Along the same lines, dark colours create recessed or shadow-like statements, while stronger colours, such as a Rimu-stained fence creates a focal point in a space.

It pays to be mindful of what you want the eye to be drawn to, says Robin, “Using complicated paving patterns is like a bright jazzy carpet, it’s going to change the feeling of the space, as opposed to simple pavers – you don’t want to detract from the beautiful garden you might have made.”

Outdoor trends

Robin says people are really interested in feeding their family and correspondingly she’s seeing more and more edible gardens designed to be seen in the backyard, whereas in the past homeowners tended to keep these hidden in service areas.

But if your outdoor space is limited, you can still have the beautiful look of edibles, says Robin.

“Citrus trees give you a pretty look and aroma in a small space. You can prune them into a considered shape, espalier them or use them as a hedge and still get fruit.”

Feijoa hedges are another way to include edibles – they have beautiful foliage and hedging them will reduce the amount of fruit – you’ll get “just enough rather than too much.”

Regardless of the amount of space you have, Robin says attention to layout and design will mean you can include all the elements you want.

Want to know more about designing an outdoor space? Be sure to visit Shafer Design on ArchiPro today or contact the Auckland office to learn more.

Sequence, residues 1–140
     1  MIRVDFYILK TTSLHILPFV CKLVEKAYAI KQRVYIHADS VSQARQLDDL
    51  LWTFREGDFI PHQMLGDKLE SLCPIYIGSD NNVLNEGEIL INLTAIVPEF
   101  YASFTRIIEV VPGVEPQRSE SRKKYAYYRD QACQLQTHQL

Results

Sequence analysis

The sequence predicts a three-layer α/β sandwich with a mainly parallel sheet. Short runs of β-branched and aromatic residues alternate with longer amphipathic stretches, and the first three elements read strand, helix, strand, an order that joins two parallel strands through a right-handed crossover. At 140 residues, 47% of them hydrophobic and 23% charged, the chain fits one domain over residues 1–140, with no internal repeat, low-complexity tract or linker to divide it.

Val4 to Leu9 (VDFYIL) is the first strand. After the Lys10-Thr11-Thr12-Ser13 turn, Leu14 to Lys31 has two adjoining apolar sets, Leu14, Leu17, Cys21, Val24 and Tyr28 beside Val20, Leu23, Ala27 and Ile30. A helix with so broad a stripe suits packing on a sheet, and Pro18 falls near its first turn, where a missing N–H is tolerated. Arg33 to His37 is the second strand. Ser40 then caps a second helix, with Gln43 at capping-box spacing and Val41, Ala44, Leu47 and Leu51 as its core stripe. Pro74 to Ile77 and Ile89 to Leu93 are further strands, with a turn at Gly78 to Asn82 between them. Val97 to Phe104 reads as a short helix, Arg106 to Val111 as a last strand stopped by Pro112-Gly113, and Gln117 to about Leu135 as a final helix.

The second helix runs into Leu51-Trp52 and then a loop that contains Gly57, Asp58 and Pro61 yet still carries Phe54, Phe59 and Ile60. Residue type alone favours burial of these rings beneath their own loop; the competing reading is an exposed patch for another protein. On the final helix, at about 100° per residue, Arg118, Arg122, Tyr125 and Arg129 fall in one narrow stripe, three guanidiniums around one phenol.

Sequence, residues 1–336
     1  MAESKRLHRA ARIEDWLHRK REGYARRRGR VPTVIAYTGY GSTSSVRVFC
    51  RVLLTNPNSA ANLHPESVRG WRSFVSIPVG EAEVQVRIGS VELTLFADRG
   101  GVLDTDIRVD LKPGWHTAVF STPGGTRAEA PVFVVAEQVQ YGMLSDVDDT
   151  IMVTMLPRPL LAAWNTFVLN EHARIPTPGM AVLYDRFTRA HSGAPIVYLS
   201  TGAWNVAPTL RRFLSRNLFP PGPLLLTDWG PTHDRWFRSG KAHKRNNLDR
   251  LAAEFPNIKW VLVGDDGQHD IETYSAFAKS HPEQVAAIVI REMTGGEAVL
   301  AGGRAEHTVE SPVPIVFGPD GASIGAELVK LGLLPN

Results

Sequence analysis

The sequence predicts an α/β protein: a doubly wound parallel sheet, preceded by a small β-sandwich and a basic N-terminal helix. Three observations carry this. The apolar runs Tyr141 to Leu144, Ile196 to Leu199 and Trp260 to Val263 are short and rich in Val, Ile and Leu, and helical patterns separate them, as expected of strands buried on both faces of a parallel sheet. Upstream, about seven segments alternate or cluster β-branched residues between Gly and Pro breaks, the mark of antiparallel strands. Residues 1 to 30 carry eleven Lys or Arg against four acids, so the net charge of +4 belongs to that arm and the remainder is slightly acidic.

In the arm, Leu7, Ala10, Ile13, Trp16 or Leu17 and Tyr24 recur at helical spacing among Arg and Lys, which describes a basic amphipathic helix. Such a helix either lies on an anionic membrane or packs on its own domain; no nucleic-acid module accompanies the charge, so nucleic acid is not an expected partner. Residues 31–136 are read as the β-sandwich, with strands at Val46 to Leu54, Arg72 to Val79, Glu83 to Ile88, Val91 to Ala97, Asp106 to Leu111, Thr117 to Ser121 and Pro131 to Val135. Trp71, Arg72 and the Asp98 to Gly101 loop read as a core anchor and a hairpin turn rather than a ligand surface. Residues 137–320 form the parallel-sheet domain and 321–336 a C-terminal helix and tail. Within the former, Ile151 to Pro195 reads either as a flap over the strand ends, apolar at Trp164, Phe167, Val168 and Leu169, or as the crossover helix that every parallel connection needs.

Shafer Design

Shafer design is a landscape architecture design studio with a team of passionate and collaborative designers producing high-quality landscapes. At Shafer Design, we...

Recommended reading
Done tagging
Full screen
How can you make the most of outdoor space?

How can you make the most of outdoor space?

Planning an exterior space can feel daunting because with no natural physical divisions in place it can be difficult to envisage where one area might stop and another one start...

Words by ArchiPro Editorial Team

Planning an exterior space can feel daunting because with no natural physical divisions in place it can be difficult to envisage where one area might stop and another one start. But Shafer Design’s Robin Shafer says it’s no different than planning an interior space – something which New Zealanders are very comfortable with.

She uses a model that imitates interior planning to map the plan of an outdoor space and shares how she does this here:

How will you utilise the space?

In architecture, every inch of the inside of a house is taken care of, says Robin. “The views, the light along with all the practical uses are all taken architecturally into account.” Therefore, the same level of planning detail should be used to map exterior spaces.

For clients, Robin draws up a bubble diagram to help understand what uses the space needs to cater for. The uses ultimately dictate the layout of different zones. These may include eating areas, cooking areas, utility areas, lounging spaces, focal points, storage space, views, private areas and play areas.

“In a house we have no wasted space, there’s no gaps or leftover spaces and we really need to think about outdoor spaces in the same way: How much utility space am I going to give up on for my lawn space? How much storage or living space do I need? How do the areas link to each other? If you approach outdoor space in this manner it becomes an eminently practical process.”

 

How much storage or living space do I need? How do the areas link to each other? If you approach outdoor space in this manner it becomes an eminently practical process.”

Once you have a clear understanding of how much space you are willing to allocate to each zone, you can begin to map out the proportions of each zone and place them in a logical layout. It’s important to think about linking the spaces so that they make practical sense and to consider lighting and views when deciding the layout. You may also use outdoor furniture as a way of understanding what your needs are in terms of space.